Atrial fibrillation (AF) increases the risk of stroke, heart failure, dementia and death. The prevalence of AF doubles for each advancing decade of life and multiple data sources suggest that the prevalence of AF is increasing over time. It is estimated that the U.S. prevalence of AF will rise from 2.3 million in 2001 to about 6 to 12 million in 2050. The risk factors for AF are multi-factorial, and include well-known conditions such hypertension and heart failure as well as less familiar traits such as P wave morphology and PR interval. Traditionally, genetic contributions to AF have been considered rare, but in the past five years there have been increasing data demonstrating that all forms of AF, and particularly lone AF, are heritable. Although mutations have been identified in a series of ion channels in families and individuals with AF, these variants are rare causes of the disease. Thus, there remains a significant, but as yet, unexplained genetic basis for AF. The advent of the human genome and HapMap projects and high-throughput genotyping has fundamentally accelerated the ability to discover the genetic contribution to common variation in human disease. Genome-wide association studies (GWAS) have uncovered common single nucleotide polymorphisms (SNPs) underlying risk for diseases such as diabetes and coronary heart disease, and recently AF, as well as quantitative phenotypes such as QT interval. Hence, understanding the role of common genetic variation in AF is of paramount importance and recently achievable. We hypothesize that common variants contribute to variability in AF risk and PR interval in the general population.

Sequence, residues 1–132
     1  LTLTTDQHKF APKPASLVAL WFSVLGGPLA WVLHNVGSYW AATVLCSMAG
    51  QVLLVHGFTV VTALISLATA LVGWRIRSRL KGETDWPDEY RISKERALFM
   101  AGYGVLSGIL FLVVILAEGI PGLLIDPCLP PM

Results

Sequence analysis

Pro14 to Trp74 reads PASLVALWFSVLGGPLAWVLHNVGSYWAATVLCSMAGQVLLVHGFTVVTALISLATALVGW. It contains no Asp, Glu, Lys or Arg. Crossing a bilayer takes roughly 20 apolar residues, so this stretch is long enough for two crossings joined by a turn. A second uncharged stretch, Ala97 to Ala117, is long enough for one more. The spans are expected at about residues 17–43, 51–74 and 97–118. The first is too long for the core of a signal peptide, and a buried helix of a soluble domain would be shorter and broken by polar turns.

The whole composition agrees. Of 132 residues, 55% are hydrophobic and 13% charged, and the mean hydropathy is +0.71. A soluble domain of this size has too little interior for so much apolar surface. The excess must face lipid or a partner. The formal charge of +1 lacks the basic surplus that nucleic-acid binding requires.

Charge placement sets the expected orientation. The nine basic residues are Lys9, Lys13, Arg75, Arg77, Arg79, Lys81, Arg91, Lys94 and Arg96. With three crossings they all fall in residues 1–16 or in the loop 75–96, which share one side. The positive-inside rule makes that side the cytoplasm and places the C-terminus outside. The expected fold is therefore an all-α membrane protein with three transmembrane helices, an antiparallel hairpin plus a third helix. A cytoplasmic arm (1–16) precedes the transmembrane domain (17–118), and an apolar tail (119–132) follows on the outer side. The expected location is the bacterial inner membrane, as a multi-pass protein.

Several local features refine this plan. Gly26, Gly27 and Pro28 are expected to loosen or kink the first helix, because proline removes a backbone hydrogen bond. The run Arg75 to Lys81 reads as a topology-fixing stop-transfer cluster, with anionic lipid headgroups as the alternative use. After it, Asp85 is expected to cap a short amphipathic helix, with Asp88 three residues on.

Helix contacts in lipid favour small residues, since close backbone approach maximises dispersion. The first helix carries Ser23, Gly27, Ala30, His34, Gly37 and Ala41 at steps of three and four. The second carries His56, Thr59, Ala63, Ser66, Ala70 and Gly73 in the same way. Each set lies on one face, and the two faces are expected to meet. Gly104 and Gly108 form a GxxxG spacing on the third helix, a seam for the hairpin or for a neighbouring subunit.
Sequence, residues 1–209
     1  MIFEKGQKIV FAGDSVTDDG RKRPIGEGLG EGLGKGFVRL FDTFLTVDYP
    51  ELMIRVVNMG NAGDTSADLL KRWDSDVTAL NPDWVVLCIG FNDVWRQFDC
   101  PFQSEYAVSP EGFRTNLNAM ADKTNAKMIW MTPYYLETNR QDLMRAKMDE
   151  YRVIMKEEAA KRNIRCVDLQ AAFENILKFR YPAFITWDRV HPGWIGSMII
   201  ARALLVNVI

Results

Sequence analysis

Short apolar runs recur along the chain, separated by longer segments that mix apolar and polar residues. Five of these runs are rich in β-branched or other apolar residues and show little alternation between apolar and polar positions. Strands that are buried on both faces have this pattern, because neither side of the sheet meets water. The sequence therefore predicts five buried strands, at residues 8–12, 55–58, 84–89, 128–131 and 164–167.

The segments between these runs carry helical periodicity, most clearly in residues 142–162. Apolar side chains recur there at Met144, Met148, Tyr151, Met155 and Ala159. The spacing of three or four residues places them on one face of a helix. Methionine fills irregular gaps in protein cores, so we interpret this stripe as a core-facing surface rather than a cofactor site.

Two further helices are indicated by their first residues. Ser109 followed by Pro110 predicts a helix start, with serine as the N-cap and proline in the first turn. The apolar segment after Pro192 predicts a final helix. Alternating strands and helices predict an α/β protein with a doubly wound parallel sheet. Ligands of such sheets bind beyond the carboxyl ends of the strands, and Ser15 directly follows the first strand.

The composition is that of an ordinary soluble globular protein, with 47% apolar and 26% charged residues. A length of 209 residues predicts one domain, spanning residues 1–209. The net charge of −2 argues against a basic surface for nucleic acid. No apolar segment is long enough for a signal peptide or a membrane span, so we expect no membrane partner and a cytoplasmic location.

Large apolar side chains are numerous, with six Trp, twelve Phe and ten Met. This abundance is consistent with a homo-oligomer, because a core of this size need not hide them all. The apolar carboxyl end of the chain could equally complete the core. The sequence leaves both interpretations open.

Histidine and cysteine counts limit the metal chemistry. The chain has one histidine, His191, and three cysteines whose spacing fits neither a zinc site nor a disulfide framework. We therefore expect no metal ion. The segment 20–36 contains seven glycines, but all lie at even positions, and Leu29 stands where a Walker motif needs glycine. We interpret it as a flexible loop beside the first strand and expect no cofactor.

The specific aims are:
Aim 1. To perform a meta-analysis of GWAS to identify common variants predisposing to AF using MGH, Framingham Heart Study (FHS), Rotterdam and Cardiovascular Health Study (CHS).
Aim 2. To conduct a meta-analysis of GWAS with PR interval, a quantitative intermediate phenotype for AF, in the FHS, Rotterdam, CHS, MONICA/KORA and Gutenberg Heart (GHS) Studies.
Aim 3. To replicate the top 250 AF SNPs and top 100 PR interval SNPs in six additional cohorts.
Aim 4. To study mechanisms of SNPs replicated in Aim 3 in cellular and zebrafish model systems.
Aim 5. To examine gene-environment (GEI) and gene-gene (epistasis) interactions. In summary, AF is a major source of morbidity and mortality in the population. We bring together a multi- institutional, multi-national team with expertise in AF, genetic epidemiology, statistical genetics, cellular electrophysiology and developmental biology. We propose leveraging existing cohorts and six ongoing GWAS to uncover the genetic contribution to AF and PR interval in the community. The multi-disciplinary breadth of the project will allow translation of the GWAS findings into basic insights of the cellular mechanisms underlying AF. Identification of genes and pathways involved in AF will provide opportunities to advance knowledge of the pathogenesis of AF, and provide novel targets for risk stratification and future therapies.
Atrial fibrillation, a common, irregular heart rhythm, increases the risk of stroke and death. Although it is known that atrial fibrillation can be inherited, the specific genetic factors contributing to atrial fibrillation are largely unknown. Investigators from the Framingham Heart Study, Massachusetts General Hospital, Rotterdam, Cardiovascular Health Study and Vanderbilt propose to examine the results of large genetic screening studies, and test the most important findings in other studies in the United States and Europe in order to discover genetic factors contributing to risk of atrial fibrillation.
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